Shel Dorf Interviews Milt Caniff in November 1982: Video

January 26, 2010

In November of 1982, Shel Dorf interviewed comics creator Milton Caniff, who is famed for his work on the Terry and the Pirates and Steve Canyon comic strips. The following video of this interview is from the Shel Dorf Archives and was kindly made available by Charlie Roberts. The interview was originally videotaped by Tom French, who ran the San Diego Comic-Con dealers room for many years. At the time of the interview, Shel was the letterer for Caniff’s comic strip Steve Canyon. The interview is divided into eleven parts and there is a description of the highlights of each part following the video player.

(If you hover your mouse pointer over the video player, you’ll see arrows you can click to move to the next or previous part along with “thumbnail” images at the bottom that you can click on to jump ahead or behind to a particular part. Also, if you are reading this via email or a newsreader, you’ll probably need to visit the site to view the video at http://www.sheldorftribute.com/2010/01/26/shel-dorf-interviews-milt-caniff-in-november-1982-video/.)

Part 1 of 11: Caniff explains why he’s glad to be videotaping the interview. Caniff sees his new life mask done by Jim Fountain. Discuss Steve Canyon characters based on actor Jackie “The Kid” Coogan who lived near Caniff in Palm Springs: a good guy (with his contemporary appearance) and a bad guy (with his “The Kid” appearance plus a beard). Shel recounts a visit to Coogan’s house and how was is like a shrine to his “The Kid” character and how Coogan still had his Uncle Fester coat. Caniff talks about Coogan’s WWII service and how he was praised as being “a good soldier” by his commanding officer.

Part 2 of 11: Shel shows his old Terry and the Pirates scrapbook to Caniff. Caniff talks about doing strips under adverse conditions and how it was hard to find an assistant during WWII as almost everyone in the army or going into it. Caniff was 4F during WWII due to phlebitis. Shel shows Caniff a couple of the Terry comics from Harvey, which were the first place Shel had a chance to read the 1936 and 1937 stories (which were reprinted therein). Shel observes that Caniff remembers everything he’s done.
They discuss the differences between Terry and the Pirates and Steve Canyon. Caniff says it’s easier to do Steve Canyon as he can go anywhere while Terry never got out of China. Why Caniff left Terry and the Pirates. Marshall Field pirating talent to form his Sun Times. Marshall Field approached Chester Gould and Harold Gray. Patterson’s feelings toward Caniff after he went with Marshall Field. Tom French, who operated the video camera, gets in front of it and chats with Caniff for a bit; Shel pays tribute to Tom French for helping grow Comic-Con by his good work running the dealers room.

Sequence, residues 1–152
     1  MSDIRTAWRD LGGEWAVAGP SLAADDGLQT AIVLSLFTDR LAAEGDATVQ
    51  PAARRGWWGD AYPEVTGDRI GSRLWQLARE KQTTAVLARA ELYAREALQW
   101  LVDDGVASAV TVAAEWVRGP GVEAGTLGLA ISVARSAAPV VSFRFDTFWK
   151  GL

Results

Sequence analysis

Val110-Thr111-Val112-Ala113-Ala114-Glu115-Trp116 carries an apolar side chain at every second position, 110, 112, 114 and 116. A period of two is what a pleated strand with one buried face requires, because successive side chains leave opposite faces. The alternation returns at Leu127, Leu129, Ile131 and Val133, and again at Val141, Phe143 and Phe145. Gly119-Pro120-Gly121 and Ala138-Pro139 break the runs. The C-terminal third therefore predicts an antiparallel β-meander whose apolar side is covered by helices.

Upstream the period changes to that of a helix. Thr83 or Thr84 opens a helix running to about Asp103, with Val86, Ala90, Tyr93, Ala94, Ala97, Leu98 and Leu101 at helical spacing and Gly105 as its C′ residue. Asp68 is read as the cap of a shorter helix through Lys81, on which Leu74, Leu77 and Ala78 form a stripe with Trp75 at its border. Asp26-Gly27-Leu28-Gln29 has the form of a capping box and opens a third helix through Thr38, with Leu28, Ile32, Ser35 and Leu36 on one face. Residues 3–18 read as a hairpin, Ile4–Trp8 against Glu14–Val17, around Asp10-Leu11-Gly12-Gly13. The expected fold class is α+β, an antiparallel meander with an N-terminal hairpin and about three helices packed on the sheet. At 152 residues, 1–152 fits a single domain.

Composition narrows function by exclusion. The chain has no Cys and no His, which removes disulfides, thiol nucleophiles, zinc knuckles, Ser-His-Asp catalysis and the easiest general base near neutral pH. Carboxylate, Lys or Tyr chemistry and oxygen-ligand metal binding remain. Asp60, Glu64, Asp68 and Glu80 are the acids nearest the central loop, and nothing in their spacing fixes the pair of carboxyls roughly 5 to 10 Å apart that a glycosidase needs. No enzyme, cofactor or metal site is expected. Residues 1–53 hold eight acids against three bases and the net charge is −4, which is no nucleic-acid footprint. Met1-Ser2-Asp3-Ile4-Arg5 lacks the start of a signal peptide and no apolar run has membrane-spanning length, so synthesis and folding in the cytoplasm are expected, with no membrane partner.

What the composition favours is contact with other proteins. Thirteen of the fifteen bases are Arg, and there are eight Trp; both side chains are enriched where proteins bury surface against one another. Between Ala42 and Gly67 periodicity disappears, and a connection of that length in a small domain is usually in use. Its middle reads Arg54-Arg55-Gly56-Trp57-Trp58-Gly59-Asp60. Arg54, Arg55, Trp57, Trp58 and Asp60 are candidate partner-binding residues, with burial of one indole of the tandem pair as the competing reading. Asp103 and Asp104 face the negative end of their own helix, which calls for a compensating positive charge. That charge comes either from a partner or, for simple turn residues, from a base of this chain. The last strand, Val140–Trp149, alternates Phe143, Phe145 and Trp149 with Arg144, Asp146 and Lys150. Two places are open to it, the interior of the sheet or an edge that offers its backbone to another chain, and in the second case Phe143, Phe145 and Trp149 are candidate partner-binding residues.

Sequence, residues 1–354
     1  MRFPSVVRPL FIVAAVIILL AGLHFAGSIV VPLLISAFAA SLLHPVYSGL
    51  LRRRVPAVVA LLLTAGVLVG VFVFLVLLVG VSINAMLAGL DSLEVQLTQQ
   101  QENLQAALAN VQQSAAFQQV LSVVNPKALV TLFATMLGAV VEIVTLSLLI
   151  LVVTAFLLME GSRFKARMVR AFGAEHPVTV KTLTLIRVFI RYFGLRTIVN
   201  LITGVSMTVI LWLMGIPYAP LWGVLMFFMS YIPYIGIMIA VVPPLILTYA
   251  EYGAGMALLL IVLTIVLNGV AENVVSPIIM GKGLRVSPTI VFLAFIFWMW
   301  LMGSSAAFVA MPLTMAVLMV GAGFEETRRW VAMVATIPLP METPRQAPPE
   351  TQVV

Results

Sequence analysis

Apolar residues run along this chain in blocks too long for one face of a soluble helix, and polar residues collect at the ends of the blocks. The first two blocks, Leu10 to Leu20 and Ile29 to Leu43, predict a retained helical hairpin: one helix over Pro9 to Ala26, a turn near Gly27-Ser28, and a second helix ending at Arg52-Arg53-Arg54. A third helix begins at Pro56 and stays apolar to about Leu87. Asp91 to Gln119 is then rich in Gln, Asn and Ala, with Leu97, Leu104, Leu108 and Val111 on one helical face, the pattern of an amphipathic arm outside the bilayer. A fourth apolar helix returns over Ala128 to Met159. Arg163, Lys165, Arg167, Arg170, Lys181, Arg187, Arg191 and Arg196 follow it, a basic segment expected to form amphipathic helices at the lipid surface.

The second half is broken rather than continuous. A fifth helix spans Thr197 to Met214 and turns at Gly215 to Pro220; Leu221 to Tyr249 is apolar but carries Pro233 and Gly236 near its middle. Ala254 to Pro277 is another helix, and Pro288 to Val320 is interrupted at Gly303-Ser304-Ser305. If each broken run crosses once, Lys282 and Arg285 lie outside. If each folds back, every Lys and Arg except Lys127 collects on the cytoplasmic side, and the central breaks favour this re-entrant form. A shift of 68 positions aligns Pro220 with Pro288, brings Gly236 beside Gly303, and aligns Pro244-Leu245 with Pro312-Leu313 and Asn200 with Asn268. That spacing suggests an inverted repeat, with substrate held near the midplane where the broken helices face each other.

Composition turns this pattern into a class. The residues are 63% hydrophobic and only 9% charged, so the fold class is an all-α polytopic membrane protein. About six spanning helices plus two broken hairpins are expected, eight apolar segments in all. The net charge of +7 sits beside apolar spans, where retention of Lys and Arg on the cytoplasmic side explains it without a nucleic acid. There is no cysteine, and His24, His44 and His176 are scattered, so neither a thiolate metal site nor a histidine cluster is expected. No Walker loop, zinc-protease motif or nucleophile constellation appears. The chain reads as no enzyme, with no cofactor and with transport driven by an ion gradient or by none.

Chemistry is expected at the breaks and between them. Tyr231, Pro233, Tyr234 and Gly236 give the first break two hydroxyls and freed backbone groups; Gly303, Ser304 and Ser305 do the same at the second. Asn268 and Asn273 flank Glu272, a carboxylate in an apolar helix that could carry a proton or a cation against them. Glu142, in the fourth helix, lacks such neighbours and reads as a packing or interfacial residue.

Part 3 of 11: What Caniff would have done with Terry and the Pirates had he continued with it. Was Steve Canyon a grown-up Terry? How Caniff’s work on The Gay Thirties strip got him the Terry and the Pirates job. Shel tells Caniff about upcoming Steve Canyon publications he’s working on with Denis Kitchen. What Caniff was getting paid in his early comic-strip days, and about moonlighting for $17 a week.

Part 4 of 11: Caniff on a proposed Sherlock Holmes strip that Marshall Field was considering. On Caniff being a storyteller who kept readers in suspense and wondering what would happen next. On his work being fun to him. How Milt invited Shel to join him earlier in the year at Caniff’s 75th birthday celebration at Ohio State University; Bob Harvey was there as well; Caniff recounts that special weekend. Shel and Milt give great praise to Lucy Caswell: Caniff curator at Ohio State University. An archivist locates a rejection slip that James Thurber had written to Caniff in 1932. Why Caniff liked to work at night.

Part 5 of 11: Caniff exhibit put together by Lucy Caswell at Ohio State. Shel quotes Leonard Starr on Caniff. Caniff on Leonard Starr. Caniff on his English classes in middle school and high school. Caniff on why he wouldn’t have been a good teacher. Milt’s personal library. About a lawyer who let Milt read books from his library when he was young.

Part 6 of 11: Caniff’s dad’s boss would let him read from his personal library: Sherlock Holmes, O’Henry. Caniff wanted to be a telegraph operator when young. About his boyhood job delivering telegrams for Western Union (including death notifications during the post-WWI flu epidemic). Caniff 75th-birthday week events and recognition as a noteworthy son of Ohio. On being fired from a newspaper job as a young married right out of college.

Part 7 of 11: Caniff on artist and friend Noel “Bud” Sickles whom he calls an “amazing man” and the “greatest natural artist” he ever knew.

Part 8 of 11: More on Noel “Bud” Sickles: working together in New York; about Sickles revolutionizing the way comic strips were done by his work on Scorchy Smith.

Part 9 of 11: Still more on Noel “Bud” Sickles. Why it’s hard to draw dead people but Sickles could do it well. Sickles’ western paintings. How Sickles died “with his boots on.” More on Caniff’s 75th-birthday Ohio State weekend. On being interviewed by Barbara Walters. Answers question “Are you as good as people say you are?” On having dinner at the White House. On people living vicariously through his strips.

Part 10 of 11: Caniff at celebration for 175th anniversary of his birthplace, Hillsboro, Ohio, where he was asked to join the celebration as grand marshal.

Part 11 of 11: More on Hillsboro, Ohio 175th anniversary celebration. Caniff on artist Dick Rockwell and Dick’s uncle, artist Norman Rockwell. What Dick Rockwell was doing on Steve Canyon and the Steve Canyon production workflow between Caniff, Shel Dorf, and Dick Rockwell.

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